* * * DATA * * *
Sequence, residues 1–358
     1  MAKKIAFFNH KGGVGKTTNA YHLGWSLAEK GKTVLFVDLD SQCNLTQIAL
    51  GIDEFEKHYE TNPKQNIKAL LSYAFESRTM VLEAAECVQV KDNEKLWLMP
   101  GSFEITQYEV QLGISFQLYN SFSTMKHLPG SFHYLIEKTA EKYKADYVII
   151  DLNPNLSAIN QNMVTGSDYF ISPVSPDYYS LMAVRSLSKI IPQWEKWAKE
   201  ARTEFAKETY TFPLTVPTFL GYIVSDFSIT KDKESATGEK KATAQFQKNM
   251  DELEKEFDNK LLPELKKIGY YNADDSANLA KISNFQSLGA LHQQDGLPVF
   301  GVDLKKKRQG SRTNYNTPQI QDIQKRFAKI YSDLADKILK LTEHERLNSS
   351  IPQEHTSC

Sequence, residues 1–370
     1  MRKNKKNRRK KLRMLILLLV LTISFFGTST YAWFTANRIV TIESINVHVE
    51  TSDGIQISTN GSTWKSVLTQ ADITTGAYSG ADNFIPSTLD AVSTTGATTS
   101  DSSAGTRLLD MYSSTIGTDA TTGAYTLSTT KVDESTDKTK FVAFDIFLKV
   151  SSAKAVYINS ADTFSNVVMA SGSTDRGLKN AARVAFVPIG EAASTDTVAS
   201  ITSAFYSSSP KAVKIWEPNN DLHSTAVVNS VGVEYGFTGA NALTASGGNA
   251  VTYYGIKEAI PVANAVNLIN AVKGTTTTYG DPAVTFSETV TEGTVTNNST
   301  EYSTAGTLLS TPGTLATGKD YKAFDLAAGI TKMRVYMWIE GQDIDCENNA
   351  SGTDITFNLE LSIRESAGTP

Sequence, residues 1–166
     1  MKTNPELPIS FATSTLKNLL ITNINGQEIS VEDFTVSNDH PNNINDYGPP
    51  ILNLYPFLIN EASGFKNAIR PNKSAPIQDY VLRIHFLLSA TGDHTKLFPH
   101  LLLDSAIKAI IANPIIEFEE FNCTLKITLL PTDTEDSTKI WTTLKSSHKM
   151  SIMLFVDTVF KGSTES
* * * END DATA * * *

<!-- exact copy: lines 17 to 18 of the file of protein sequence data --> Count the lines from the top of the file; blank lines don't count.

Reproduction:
   301  EYSTAGTLLS TPGTLATGKD YKAFDLAAGI TKMRVYMWIE GQDIDCENNA
   351  SGTDITFNLE LSIRESAGTP